In a knowledge-driven economy, chances are greater than ever that the value you offer comes from making use of expertise. Conventional wisdom will tell you that you get the best from your expertise by deeper learning your field, by keeping up with new developments and understanding the nuances and intricacies of your domain – in short, investing in knowing more.
However, I believe using knowing more as your primary strategy for increasing the value of your expertise will likely leave you missing the boat – big time.
In the way knowing is not the same as doing, expertise is not the same as expert performance, i.e. actions in your domain of expertise that are considered to be best-in-class.
Conventional Wisdom tells us natural talent is what drives top performance. Modern research challenges this notion. K. Anders Ericsson, co-editor and contributor to the Cambridge Handbook of Expertise and Expert Performance, notes the common factor of expert performance in almost every domain researched is “deliberate practice” – ongoing practice and repetition shaped by active feedback. For example, there are many talented golfers in the world. It’s feedback driven practice that makes Tiger Woods a consistent champion.
Raw talent can certainly provide motivation and acceleration to feedback-driven practice, but it is the practice that creates the performance. In most domains, people with average talent can achieve expert-level performance by diligently exercising best practices based on ongoing feedback. Kenneth Blanchard hit the nail on the head when he said, “Feedback is the Breakfast of Champions.”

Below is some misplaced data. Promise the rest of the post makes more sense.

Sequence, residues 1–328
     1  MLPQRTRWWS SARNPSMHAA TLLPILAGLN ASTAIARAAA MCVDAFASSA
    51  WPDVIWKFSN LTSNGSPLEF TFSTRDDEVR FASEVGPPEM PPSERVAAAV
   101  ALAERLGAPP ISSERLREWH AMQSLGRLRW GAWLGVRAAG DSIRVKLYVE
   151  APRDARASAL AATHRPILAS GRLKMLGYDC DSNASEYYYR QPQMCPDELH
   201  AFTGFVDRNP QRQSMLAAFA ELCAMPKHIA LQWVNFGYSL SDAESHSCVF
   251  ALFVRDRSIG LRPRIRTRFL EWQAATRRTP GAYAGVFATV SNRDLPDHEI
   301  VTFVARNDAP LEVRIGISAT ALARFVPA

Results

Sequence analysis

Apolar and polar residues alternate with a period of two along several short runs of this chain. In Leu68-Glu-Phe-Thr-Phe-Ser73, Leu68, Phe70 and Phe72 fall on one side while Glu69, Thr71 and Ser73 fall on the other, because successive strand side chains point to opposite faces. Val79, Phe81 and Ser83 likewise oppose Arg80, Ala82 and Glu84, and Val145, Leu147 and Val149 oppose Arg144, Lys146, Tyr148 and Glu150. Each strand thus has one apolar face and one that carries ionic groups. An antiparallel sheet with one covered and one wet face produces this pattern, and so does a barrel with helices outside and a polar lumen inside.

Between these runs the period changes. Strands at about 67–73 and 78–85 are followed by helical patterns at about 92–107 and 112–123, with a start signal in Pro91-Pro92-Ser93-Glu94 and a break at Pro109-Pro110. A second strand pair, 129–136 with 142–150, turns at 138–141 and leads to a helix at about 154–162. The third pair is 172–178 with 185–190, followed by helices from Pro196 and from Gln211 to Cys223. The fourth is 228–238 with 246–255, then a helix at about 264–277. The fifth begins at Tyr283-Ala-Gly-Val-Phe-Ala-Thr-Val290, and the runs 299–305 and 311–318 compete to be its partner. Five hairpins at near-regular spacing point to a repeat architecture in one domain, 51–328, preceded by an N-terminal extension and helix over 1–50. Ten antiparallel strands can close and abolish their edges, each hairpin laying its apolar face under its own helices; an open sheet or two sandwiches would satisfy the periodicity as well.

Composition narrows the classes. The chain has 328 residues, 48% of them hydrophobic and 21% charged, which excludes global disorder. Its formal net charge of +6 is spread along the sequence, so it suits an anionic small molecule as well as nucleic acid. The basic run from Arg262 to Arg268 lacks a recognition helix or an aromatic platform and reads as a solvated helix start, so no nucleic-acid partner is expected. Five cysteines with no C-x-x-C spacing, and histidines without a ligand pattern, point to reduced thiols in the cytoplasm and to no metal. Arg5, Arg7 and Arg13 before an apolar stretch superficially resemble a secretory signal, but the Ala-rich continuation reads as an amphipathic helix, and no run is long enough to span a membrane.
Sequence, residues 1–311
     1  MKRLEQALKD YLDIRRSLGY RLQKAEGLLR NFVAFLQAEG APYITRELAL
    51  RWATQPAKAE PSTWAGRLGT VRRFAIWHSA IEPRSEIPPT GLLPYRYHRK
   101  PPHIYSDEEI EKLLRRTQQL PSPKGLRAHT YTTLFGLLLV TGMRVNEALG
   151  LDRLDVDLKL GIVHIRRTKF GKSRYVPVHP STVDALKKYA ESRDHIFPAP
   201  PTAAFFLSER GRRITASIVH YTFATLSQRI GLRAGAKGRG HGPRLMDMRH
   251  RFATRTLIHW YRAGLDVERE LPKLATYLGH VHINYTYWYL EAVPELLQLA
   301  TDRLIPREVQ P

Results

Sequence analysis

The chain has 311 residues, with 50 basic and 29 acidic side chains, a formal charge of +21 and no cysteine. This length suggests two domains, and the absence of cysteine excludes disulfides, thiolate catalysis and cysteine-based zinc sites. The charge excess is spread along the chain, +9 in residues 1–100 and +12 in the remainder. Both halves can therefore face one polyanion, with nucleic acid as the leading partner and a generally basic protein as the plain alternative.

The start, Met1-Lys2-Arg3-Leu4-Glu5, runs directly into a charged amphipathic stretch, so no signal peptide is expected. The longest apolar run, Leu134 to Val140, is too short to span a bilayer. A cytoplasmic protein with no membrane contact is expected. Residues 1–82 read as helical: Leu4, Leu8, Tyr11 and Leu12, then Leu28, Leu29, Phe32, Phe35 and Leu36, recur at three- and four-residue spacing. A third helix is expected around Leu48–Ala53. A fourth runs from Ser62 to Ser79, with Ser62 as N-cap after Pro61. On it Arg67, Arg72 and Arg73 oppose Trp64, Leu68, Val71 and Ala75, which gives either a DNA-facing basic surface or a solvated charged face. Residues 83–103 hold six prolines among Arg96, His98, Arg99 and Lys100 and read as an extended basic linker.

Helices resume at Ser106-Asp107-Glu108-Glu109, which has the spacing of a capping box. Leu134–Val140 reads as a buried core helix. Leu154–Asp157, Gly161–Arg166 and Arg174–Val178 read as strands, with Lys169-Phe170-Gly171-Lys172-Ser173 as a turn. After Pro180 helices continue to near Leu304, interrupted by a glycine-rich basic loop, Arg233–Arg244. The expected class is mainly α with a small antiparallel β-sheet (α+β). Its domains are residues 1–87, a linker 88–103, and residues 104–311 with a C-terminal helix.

Top performing professionals seek feedback from clients and colleagues. Top performing businesses seek feedback from customers and employees. In all cases, a performance edge is obtained through diligently acquiring feedback, and even more diligently using it to guide performance improvement.
In the realm of leadership and management, executives who want to be top of their game use coaches or 360 reviews to garner feedback, both within and outside of their organization’s formal performance system. Where organizations often go wrong with these tools is using them primarily to shore up weaknesses rather than to accelerate performance of existing strengths and expertise.
Questions for leadership insight: What systematic feedback are you providing for yourself and other leaders in your organization? Are you using feedback to develop and polish best practices?
Are you seeking expert-level performance as much as expertise?
We can all agree that it is critically important factor to continue learning and keep up in your field. But knowing more in a field does not necessarily contribute to better performance or more value from expertise – for this you need diligent practice based on systematic feedback.
Guest writer Tom Stevens heads up Esquare Leadership.
4 days ago